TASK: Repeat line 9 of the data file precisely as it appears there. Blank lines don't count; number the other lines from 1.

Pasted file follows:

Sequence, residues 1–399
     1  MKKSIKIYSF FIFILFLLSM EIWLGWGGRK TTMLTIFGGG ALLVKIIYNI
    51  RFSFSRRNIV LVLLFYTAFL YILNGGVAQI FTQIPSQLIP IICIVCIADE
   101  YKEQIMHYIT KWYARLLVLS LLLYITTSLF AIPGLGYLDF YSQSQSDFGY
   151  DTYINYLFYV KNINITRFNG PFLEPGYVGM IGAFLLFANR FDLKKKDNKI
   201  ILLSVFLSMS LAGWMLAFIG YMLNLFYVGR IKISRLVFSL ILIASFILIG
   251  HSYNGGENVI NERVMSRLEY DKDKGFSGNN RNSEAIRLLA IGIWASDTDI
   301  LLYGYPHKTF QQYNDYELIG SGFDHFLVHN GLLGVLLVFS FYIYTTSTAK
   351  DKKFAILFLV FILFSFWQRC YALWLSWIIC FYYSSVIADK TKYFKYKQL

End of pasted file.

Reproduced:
   351  DKKFAILFLV FILFSFWQRC YALWLSWIIC FYYSSVIADK TKYFKYKQL